The slow tally of election results has been excruciating for many Americans. We’re trapped in an uncertain limbo, refreshing electoral maps and wondering why vote counting is taking so long. I wouldn’t wish this anxiety on anyone who doesn’t have a personal stake in US electoral politics, but thousands of non-Americans have eagerly placed bets on the presidential race.
There’s a thriving market for gamblers in Europe and Asia, and the still-too-close-to-call nature of this year’s race means that bookies are still able to take bets. In fact, the 2020 presidential election is drawing a record amount, primarily from the United Kingdom. One British participant has put down about $1 million on a victory for Joe Biden. Betfair Exchange, the country’s largest betting site, has taken in around $634 million (£490 million) worth of wagers thus far, according to Pete Watt, public relations manager of the odds comparison site Oddschecker. By comparison, $257 million (£199 million) was placed on the 2016 race.
Under most circumstances, Americans are not legally able to wager money on US election results. Certain qualified US residents can choose to bet on the Iowa Electronic Market or the site PredictIt, which are legally allowed to operate for research and teaching purposes.
However, the US has a long history of illicit betting markets. According to a 2003 paper on the history of electoral betting, there was a “large, active, and highly public market for betting on presidential elections” before World War II, located in major cities like New York, Philadelphia, Chicago, and Baltimore.
Biden, whom Oddschecker has projected as the winner since May, was the favored candidate going into election night as far as betting was concerned. The New York Times reported that for a bettor to win $1, they needed to put down $2, which meant Biden was considered to have a roughly 66 percent chance of winning. Yet the odds for a Biden victory on the betting market were much lower than what pollsters had predicted.
Prediction markets are not always accurate; they can often be flat-out wrong. “Existing prediction markets are too small in scale, hard to interact with, and hard to make money from, which renders them inaccurate and vulnerable to manipulation,” wrote Vox’s Kelsey Piper in February on the odds of the Democratic primary. Betting markets in February erroneously projected Mike Bloomberg as the Democratic nominee and hyped up Andrew Yang’s long-shot campaign. The odds of a candidate can possibly be skewed, Piper reported, if someone with a lot of money is betting on them.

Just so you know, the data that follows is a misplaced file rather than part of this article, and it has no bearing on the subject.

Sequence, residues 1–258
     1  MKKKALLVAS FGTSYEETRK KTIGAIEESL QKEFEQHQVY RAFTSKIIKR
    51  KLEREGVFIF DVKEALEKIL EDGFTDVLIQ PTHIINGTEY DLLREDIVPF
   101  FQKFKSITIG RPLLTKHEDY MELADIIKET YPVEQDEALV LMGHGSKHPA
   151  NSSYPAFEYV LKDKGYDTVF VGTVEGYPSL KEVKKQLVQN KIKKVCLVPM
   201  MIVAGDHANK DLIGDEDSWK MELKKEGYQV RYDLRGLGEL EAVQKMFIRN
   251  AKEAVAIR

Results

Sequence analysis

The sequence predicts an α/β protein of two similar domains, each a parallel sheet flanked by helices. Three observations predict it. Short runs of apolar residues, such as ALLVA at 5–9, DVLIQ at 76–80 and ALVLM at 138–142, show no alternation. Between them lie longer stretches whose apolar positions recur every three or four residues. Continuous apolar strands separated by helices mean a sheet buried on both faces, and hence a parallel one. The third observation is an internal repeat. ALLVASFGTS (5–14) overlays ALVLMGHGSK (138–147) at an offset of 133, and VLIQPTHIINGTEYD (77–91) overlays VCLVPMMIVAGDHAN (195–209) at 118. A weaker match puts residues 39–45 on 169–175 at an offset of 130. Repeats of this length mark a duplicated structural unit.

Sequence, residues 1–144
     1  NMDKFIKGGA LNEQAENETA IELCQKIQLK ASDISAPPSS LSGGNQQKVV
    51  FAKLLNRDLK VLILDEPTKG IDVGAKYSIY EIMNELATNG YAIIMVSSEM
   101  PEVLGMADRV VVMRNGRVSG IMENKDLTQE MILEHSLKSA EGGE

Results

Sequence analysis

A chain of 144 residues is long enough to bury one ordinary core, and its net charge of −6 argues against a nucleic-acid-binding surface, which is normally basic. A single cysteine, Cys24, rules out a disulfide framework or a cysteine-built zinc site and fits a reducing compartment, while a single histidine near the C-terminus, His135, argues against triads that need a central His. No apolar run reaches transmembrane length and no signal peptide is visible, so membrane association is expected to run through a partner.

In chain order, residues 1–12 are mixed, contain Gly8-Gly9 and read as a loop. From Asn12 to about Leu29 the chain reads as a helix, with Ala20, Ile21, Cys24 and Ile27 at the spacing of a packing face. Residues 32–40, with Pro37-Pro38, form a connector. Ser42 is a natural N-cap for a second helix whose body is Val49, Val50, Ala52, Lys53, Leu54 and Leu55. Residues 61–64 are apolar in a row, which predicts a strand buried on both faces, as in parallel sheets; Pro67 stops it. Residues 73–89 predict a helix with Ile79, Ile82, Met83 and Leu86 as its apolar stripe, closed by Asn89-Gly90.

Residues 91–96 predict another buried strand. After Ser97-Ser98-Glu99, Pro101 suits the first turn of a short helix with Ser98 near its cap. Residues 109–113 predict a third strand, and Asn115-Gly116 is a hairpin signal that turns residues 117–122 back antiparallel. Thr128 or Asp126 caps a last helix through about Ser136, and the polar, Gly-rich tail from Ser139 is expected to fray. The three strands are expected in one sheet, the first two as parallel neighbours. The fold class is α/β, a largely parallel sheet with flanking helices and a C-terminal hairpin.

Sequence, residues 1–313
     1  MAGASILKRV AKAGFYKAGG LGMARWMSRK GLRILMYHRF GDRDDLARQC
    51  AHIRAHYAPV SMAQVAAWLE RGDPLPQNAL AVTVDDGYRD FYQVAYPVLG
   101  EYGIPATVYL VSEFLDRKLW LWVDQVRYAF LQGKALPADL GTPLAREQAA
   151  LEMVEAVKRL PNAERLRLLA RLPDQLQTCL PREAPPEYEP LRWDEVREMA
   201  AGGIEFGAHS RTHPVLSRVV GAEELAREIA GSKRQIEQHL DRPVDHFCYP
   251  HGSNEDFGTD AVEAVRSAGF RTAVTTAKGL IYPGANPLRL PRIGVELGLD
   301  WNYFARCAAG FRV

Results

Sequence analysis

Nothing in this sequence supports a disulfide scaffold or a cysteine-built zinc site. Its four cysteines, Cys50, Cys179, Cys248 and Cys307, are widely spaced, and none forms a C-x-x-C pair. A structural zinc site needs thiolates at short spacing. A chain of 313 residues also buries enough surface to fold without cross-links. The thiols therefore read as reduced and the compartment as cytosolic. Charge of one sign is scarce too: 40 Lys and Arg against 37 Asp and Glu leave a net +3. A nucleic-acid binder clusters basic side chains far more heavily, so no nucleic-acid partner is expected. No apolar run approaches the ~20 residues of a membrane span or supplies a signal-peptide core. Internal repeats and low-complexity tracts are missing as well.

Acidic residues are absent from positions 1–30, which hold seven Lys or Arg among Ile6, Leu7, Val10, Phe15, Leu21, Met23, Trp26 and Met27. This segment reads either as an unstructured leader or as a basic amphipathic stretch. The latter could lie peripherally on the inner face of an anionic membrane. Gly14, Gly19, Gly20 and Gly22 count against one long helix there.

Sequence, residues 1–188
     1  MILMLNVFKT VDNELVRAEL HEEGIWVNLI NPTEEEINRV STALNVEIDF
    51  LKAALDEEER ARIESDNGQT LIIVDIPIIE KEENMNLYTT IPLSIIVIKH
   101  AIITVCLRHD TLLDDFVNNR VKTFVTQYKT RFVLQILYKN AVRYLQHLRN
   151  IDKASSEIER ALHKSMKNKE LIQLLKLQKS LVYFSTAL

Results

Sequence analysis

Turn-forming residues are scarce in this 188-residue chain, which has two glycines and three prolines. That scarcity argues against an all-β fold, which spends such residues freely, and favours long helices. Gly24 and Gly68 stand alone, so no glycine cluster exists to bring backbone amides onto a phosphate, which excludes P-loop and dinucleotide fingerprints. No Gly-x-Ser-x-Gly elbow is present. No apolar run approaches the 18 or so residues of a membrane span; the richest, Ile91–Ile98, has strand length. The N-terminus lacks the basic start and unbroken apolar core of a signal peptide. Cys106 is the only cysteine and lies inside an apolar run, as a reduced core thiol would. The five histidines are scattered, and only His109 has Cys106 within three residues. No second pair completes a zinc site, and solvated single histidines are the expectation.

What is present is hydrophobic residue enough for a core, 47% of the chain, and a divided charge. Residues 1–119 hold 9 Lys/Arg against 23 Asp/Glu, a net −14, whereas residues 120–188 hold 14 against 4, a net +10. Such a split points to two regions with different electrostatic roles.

The early results on November 3, however, suggested that the betting market turned out to be quite prescient. Sportsbooks assumed that the 2020 election would be a much tighter race than what pollsters and forecasting models had anticipated, Watt explained to me over email: “The odds suggested a 65%-35% probability in Biden’s favor.”
“It was once those early projections began to come in from Florida [showing Trump leading] that we saw a huge swing in the betting, with bettors rushing back to the President to pull off another electoral upset,” Watt added. “His odds-implied probability of a second term soared from 36 percent at 9 p.m. Eastern Time up to 69 percent just after midnight.” At that time, 93 percent of bets being placed were in Trump’s favor.
“There was one stage in the night where the odds were changing every single time I refreshed my browser every thirty seconds or so,” Watt said. “It was extraordinary.”
When Biden began to perform more favorably in states like Georgia and Arizona, bettors began to lean toward him again, and the Democratic candidate has held on to his lead as the frontrunner since. Trump’s chances of winning reelection are now very slim, according to oddsmakers, with Oddschecker reporting that he currently has about a 13.3 percent chance of victory.
But until all the votes are counted, no one can be sure if pollsters or betting markets are accurate in their predictions. It’s a million-dollar question nobody knows the answer to yet.